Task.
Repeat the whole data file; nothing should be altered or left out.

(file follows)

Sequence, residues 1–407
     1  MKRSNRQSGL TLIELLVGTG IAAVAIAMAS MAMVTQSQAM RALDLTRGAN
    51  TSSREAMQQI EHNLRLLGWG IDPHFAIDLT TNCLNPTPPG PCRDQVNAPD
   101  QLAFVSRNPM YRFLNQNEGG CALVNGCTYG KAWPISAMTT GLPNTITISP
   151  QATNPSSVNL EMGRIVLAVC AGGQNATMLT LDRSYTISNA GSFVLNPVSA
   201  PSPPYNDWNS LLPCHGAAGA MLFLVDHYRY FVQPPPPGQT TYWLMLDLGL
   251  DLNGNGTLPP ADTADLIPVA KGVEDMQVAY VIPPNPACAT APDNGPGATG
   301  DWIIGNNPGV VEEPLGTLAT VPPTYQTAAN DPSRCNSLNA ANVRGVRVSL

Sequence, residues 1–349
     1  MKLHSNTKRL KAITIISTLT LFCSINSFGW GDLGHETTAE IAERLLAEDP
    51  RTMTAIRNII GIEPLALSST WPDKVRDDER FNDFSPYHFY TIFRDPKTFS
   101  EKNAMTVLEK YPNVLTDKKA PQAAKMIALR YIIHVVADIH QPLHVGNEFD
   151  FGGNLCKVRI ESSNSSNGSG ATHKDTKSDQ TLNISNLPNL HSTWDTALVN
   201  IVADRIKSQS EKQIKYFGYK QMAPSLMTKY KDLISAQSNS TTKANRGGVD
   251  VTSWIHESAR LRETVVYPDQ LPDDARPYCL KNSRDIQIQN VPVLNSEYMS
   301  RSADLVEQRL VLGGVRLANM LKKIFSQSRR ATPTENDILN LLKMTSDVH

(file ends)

Sequence, residues 1–407
     1  MKRSNRQSGL TLIELLVGTG IAAVAIAMAS MAMVTQSQAM RALDLTRGAN
    51  TSSREAMQQI EHNLRLLGWG IDPHFAIDLT TNCLNPTPPG PCRDQVNAPD
   101  QLAFVSRNPM YRFLNQNEGG CALVNGCTYG KAWPISAMTT GLPNTITISP
   151  QATNPSSVNL EMGRIVLAVC AGGQNATMLT LDRSYTISNA GSFVLNPVSA
   201  PSPPYNDWNS LLPCHGAAGA MLFLVDHYRY FVQPPPPGQT TYWLMLDLGL
   251  DLNGNGTLPP ADTADLIPVA KGVEDMQVAY VIPPNPACAT APDNGPGATG
   301  DWIIGNNPGV VEEPLGTLAT VPPTYQTAAN DPSRCNSLNA ANVRGVRVSL

Sequence, residues 1–349
     1  MKLHSNTKRL KAITIISTLT LFCSINSFGW GDLGHETTAE IAERLLAEDP
    51  RTMTAIRNII GIEPLALSST WPDKVRDDER FNDFSPYHFY TIFRDPKTFS
   101  EKNAMTVLEK YPNVLTDKKA PQAAKMIALR YIIHVVADIH QPLHVGNEFD
   151  FGGNLCKVRI ESSNSSNGSG ATHKDTKSDQ TLNISNLPNL HSTWDTALVN
   201  IVADRIKSQS EKQIKYFGYK QMAPSLMTKY KDLISAQSNS TTKANRGGVD
   251  VTSWIHESAR LRETVVYPDQ LPDDARPYCL KNSRDIQIQN VPVLNSEYMS
   301  RSADLVEQRL VLGGVRLANM LKKIFSQSRR ATPTENDILN LLKMTSDVH